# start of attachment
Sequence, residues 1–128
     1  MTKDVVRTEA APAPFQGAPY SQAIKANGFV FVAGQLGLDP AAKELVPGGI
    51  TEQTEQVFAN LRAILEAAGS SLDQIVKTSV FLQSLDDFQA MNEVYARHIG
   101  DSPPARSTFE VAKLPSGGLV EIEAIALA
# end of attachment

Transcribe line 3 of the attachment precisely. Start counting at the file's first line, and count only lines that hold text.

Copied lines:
    51  TEQTEQVFAN LRAILEAAGS SLDQIVKTSV FLQSLDDFQA MNEVYARHIG